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I need to make a function that generates a list from a text:

text = '^to[by, from] all ^appearances[appearance]'

list = ['to all appearances', 'to all appearance', 'by all appearances', 
        'by all appearance', 'from all appearances', 'from all appearance']

That is, the value inside the brackets is supposed to replace the previous word(s), which immediately after the ^. I want to have five arguments to the function, as you can see below...

My code (It doesn't work)

def addSubstitution(buf, substitutions, val1='[', val2=']', dsym=',', start_p="^"):
    for i in range(1, len(buf), 2):
        buff = []
        buff.extend(buf)
        if re.search('''[^{2}]+[{0}][^{1}{0}]+?[{1}]'''.format(val1, val2, start_p,     buff[i]):
            substrs = re.split('['+val1+']'+'|'+'['+val2+']'+'|'+dsym, buff[i])
            for substr in substrs:
                if substr:
                    buff[i] = substr
                    addSubstitution(buff, substitutions, val1, val2, dsym, start_p)
        return
    substitutions.add(''.join(buf))
    pass

def getSubstitution(text, val1='[', val2=']', dsym=',', start_p="^"):
    pattern = '''[^{2}]+[{0}][^{1}{0}]+?[{1}]'''.format(val1, val2, start_p)
    texts = re.split(pattern,text)
    opttexts = re.findall(pattern,text)
    buff = []
    p = iter(texts)
    t = iter(opttexts)
    buf = []
    while True:
        try:
            buf.append(next(p))
            buf.append(next(t))
        except StopIteration:
            break
     substitutions = set()
     addSubstitution(buf, substitutions, val1, val2, dsym, start_p)
     substitutions = list(substitutions)
     substitutions.sort(key=len)
     return substitutions
share|improve this question
    
Could you copy and paste your current code and the full traceback/error messages into your question? That way it'll be easier to help you fix the problems with what you've written. –  DSM Mar 8 '13 at 5:52

1 Answer 1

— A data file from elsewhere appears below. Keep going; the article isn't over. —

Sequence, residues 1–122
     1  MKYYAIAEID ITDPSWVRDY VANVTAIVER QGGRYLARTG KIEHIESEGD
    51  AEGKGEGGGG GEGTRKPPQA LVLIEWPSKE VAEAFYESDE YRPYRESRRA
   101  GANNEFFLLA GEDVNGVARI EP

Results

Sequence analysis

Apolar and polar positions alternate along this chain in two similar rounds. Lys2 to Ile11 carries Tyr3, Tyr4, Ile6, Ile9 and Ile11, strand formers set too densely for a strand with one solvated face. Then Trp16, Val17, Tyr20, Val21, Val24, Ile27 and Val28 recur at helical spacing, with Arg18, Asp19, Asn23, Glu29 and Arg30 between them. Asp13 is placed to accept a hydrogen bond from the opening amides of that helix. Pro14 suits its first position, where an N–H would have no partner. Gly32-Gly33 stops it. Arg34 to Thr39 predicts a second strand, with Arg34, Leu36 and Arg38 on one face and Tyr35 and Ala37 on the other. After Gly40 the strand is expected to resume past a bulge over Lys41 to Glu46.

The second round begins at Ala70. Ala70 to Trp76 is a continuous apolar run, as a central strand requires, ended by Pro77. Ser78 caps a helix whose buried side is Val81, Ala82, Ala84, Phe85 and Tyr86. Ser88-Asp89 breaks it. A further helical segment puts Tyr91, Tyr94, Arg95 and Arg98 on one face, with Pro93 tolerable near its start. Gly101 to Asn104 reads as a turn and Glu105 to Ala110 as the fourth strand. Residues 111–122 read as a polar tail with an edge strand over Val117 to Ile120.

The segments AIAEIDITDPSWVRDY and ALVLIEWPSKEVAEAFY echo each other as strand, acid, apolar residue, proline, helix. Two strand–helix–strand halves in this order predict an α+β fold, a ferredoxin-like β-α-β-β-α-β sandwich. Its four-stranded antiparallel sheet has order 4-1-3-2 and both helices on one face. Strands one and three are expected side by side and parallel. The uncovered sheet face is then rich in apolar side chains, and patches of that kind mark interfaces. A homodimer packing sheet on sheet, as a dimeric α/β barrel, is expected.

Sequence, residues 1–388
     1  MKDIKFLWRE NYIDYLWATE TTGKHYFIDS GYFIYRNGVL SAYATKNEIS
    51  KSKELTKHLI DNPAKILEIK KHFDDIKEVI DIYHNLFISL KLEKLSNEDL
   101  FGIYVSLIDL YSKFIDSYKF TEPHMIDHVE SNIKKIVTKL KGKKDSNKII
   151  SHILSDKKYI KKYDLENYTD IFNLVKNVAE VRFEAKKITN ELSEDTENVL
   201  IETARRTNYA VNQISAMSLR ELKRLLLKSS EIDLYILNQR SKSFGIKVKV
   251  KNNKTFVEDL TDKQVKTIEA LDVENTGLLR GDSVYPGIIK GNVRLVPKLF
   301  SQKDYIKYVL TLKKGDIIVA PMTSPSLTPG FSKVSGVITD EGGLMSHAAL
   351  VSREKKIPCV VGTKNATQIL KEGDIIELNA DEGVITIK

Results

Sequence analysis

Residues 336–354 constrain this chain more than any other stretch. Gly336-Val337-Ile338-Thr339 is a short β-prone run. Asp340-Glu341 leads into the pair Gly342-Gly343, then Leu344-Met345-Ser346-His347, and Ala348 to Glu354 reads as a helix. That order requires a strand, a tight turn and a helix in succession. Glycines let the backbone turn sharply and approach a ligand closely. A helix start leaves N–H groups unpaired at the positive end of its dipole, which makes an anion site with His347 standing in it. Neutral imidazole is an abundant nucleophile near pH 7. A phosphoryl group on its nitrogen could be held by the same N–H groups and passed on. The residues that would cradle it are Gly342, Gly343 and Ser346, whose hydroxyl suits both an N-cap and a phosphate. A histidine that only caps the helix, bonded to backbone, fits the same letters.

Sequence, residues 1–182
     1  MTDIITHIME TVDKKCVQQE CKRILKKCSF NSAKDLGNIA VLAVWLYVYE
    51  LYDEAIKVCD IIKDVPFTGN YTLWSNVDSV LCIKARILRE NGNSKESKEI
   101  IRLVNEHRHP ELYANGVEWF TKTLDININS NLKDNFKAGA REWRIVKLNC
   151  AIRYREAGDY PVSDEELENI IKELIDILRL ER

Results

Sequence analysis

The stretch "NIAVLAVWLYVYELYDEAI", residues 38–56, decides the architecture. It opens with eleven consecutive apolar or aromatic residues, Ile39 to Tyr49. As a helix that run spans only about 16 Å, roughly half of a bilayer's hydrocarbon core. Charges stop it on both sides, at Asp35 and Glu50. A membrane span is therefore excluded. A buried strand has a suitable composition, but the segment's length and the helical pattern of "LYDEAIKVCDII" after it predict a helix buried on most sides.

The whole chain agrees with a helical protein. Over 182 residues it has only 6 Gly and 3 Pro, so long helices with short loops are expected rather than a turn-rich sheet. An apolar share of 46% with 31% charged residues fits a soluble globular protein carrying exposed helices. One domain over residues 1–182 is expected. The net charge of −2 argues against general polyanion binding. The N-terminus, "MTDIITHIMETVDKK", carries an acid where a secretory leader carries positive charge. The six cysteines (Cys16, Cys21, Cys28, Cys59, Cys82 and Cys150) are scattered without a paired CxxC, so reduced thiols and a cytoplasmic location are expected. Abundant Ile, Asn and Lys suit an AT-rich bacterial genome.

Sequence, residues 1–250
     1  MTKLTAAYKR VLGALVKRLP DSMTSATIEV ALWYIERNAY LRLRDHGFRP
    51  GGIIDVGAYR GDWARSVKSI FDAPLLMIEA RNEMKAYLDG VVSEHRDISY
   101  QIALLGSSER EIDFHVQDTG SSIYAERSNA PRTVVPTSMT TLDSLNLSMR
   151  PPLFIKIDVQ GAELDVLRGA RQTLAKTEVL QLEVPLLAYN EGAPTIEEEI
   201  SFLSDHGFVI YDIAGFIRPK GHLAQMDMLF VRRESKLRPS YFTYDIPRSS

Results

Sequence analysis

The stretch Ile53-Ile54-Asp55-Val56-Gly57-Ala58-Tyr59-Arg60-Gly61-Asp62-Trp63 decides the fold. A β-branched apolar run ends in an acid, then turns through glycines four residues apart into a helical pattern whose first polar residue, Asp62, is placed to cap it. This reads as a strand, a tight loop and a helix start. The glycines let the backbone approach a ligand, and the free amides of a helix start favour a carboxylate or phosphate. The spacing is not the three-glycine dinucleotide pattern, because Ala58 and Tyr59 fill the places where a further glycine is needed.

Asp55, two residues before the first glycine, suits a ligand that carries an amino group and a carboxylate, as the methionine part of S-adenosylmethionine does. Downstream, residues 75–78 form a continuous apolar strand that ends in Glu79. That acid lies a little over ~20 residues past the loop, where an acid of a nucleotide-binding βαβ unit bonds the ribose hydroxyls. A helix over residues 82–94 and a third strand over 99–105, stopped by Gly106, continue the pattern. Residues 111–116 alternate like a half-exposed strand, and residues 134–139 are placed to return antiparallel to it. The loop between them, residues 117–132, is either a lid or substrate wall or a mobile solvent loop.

One approach could be this (I am skipping the string manipulation code):

text = '^to[by, from] all ^appearances[appearance]'

Step 1: Tokenize text like this:

tokenizedText = ['^to[by, from]', 'all', '^appearances[appearance]']

Step 2: Prepare a list of all words for which we need a cartesian product (words starting with a ^).

combinationList = []
for word in tokenizedText:
    if word[0] == '^': # split the words into a list, and add them to `combinationList`.

combinationList = [['to', 'by', 'from'], ['appearances', 'appearance']]

Step 3: Perform the cartesian product using itertools.product(...):

for substitution in itertools.product(*combinationList):
    counter = 0
    sentence = []
    for word in tokenizedInput:
        if word[0] == '^':
            sentence.append(substitution[counter])
            counter += 1
        else:
            sentence.append(word)
   print ' '.join(sentence)    # Or append this to a list if you want to return all substitutions.
share|improve this answer
1  
At the cost of a little more complexity in the parsing/tokenizing stage, you can make the recombining part easier by performing the Cartesian product on all the parts of of the sentence, including the ones that don't have any variations. For the OP's example, the recombination step might be: "".join(itertools.product([["to", "by", "from"], [" all "], ["appearances", "appearance"]])) –  Blckknght Mar 8 '13 at 8:29

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